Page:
Cleaning Rust of Bandmill Blades

Suggestions for getting light rust off some blades before sharpening. June 30, 2009

Does anyone have a solution that you can dip your blades into for a period of time to take the rust off before sharpening? I have a large amount of blades delivered to me to sharpen and they are pretty well rusted up.

Forum Responses
(Sawing and Drying Forum)
From contributor A:
It sounds to me like whoever is sharpening your blades is doing you a disservice by not protecting your blades when they are sent back to you. I keep my blades inside where it is warm and dry so they are not to rust. This can affect the sharpness of the blades and the performance of the cut. Plus using water for the sawdust is also not recommended. I use straight diesel slowly dripped into a felt that wipes the blade for sawdust buildup. I too used water with additives in the beginning and when things kept freezing up, I switched to straight diesel. 5 gallons lasts about two months of cutting so, I use so little it does not stain the wood being cut.

From the original questioner:
Actually guess I wasn't too clear. My blades stay nice and clean and out of the weather. I sharpen all my own blades. I got a bunch of LT40 blades used once and tossed, so I want to re-sharpen them to sell but they have some light rust. I was hoping to find a simple way to clean them up. I have about 100 of them and would hate to waste the time of going through them one at a time by hand.

From contributor A:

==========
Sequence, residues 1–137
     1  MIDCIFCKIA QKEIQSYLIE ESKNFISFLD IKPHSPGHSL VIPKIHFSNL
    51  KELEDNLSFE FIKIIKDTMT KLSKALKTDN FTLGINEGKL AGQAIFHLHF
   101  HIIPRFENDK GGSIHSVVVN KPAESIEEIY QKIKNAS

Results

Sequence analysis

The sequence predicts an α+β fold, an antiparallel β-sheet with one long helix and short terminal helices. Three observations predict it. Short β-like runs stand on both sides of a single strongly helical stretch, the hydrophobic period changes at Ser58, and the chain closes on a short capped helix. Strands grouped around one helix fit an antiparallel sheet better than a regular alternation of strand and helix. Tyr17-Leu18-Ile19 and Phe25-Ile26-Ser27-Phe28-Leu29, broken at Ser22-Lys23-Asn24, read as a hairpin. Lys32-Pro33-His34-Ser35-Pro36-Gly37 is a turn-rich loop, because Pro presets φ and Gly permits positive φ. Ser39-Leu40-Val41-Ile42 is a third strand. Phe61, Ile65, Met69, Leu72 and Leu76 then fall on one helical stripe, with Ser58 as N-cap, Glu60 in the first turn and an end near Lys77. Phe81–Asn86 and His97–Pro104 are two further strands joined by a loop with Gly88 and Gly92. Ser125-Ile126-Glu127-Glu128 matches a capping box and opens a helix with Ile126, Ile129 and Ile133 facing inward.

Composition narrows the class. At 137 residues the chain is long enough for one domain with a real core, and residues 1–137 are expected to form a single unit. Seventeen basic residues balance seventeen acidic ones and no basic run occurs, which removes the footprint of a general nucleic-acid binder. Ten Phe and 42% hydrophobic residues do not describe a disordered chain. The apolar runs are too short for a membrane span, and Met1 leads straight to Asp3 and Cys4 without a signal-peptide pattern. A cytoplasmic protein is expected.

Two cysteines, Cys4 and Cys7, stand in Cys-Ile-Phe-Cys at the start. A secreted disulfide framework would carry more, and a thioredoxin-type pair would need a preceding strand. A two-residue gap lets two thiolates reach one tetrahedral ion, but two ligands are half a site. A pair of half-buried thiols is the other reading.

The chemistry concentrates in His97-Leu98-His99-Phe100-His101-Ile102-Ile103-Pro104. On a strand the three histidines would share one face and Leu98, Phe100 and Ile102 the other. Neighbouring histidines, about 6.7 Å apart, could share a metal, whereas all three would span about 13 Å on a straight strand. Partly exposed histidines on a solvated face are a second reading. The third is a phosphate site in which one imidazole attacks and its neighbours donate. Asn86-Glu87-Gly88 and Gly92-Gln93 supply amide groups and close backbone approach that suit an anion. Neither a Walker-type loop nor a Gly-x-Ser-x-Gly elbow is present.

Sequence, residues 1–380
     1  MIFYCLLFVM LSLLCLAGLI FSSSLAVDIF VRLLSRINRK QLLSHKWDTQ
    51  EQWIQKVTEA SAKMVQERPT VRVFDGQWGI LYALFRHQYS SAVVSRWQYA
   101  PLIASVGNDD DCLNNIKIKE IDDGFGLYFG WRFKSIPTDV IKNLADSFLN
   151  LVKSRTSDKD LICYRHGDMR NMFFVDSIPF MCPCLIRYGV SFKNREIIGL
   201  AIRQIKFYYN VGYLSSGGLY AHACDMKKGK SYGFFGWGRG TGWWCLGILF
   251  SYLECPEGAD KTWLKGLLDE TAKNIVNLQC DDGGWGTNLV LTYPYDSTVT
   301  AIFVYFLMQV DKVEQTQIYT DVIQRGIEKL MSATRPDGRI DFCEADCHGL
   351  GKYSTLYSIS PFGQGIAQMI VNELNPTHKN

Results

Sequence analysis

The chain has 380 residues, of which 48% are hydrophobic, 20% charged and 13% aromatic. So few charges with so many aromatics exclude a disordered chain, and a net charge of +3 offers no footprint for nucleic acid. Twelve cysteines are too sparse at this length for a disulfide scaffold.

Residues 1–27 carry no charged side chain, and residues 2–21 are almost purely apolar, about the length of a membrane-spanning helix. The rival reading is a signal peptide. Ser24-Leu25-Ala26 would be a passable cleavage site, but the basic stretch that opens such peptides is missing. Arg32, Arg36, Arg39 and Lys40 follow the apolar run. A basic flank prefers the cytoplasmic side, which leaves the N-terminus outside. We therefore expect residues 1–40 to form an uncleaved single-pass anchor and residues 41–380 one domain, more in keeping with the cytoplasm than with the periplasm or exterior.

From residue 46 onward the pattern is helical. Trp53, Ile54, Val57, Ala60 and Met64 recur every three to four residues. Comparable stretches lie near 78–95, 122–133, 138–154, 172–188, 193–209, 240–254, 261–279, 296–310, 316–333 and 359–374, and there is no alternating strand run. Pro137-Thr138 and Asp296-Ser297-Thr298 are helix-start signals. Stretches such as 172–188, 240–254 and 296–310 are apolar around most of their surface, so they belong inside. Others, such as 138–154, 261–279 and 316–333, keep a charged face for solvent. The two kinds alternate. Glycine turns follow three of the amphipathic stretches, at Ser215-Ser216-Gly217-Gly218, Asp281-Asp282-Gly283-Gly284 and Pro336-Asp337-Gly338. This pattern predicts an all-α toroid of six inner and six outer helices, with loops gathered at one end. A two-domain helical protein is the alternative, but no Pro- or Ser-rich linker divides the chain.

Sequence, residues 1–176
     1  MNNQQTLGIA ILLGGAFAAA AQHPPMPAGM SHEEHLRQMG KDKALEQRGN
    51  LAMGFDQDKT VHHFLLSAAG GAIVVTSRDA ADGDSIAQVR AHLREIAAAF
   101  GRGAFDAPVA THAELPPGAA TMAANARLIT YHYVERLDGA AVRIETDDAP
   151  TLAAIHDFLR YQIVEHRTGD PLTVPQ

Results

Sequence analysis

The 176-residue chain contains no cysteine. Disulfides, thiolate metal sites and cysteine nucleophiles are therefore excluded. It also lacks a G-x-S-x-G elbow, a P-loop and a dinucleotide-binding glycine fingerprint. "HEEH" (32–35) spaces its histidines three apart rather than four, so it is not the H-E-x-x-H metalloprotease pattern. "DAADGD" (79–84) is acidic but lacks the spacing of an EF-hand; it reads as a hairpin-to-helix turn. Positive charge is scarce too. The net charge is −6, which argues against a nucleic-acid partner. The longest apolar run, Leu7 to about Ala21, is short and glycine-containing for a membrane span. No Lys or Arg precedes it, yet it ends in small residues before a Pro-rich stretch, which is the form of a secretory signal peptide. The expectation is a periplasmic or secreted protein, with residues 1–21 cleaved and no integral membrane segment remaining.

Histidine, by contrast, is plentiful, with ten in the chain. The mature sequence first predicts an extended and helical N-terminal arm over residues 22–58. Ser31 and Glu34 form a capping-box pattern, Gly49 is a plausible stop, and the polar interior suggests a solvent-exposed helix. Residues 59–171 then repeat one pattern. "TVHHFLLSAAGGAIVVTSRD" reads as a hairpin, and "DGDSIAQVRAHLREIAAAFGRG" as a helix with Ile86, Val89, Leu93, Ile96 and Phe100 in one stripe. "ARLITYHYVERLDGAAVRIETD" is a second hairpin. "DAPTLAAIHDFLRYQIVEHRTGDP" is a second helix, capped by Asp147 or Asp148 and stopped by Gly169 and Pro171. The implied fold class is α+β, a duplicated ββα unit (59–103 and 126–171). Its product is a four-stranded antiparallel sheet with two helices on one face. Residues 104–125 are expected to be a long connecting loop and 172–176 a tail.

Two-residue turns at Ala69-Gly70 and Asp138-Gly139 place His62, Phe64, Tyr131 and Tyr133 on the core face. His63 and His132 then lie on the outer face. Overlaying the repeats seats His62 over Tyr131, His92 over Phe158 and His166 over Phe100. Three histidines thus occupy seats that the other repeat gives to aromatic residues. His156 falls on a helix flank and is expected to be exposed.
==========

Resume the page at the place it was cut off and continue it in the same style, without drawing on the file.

You can soak them in vinegar.

From contributor G:
Oxalic acid dissolves rust. I was going to suggest CLR or Naval Jelly, but that may be expensive for vat use.

From contributor S:
Get a big old white oak log and put it on your mill, then put a rusty blade on the mill. Run the blade an inch or two into the wood, most of the rust will come right off in about two seconds.

From contributor R:
For that many blades a light solution of medium acid (muriatic acid (pool acid), phosphoric acid (toilet bowl cleaner/rust remover)); or a heavier solution of a weaker acid like Oxalic in a plastic drum will work. With an acid solution you will need to neutralize the reaction with a base or water and coat with a light oil or a heated base solution (lye -caustic soda) in a plastic or metal drum will work.

From the original questioner:
that was what I was thinking, even a caustic soda/water mixture was recommended to try as well.

From contributor W:
Keep in mind that all chemical solutions will turn the steel black. The rust doesn't come off of the steel it just changes chemical make-up. I would clean them with a brass wire brush on a hand held grinder as I sorted them for sharpening, and then run them through that big old white oak log to polish them up nice and shiny.

From contributor O:
If I had 100 rusty blades I'd try electrolysis to remove the rust. I haven't done this but I know someone who used it to easily restore the top of a rusted Unisaw he found at a garage sale. Basically one makes a solution of an electrolyte, puts the rusty object in it together with another piece of metal like a piece of re-bar, and then hooks up a battery charger one terminal to the rusty object and the other to the rebar. The rust will move off of the rusty object toward the re-bar. Which terminal of the battery charger is hooked to which object matters and I think you would hook the negative terminal to the rusty bandsaw blade. If you get it backwards you'll be moving rust from the rebar "electrode" onto the bandsaw blade so you need to check on this yourself. I understand that an appropriate electrolyte is sodium carbonate (not bicarbonate) which is commonly sold for raising the pH of a hot tub or swimming pool. I've bought it at Walmart for my hot tub.

I have seen cautions about this method affecting the steel of the object, however any effects should only be on the surface of the object so if you don't overdo the rust removal process I would guess it shouldn't hurt a hardened bandsaw blade.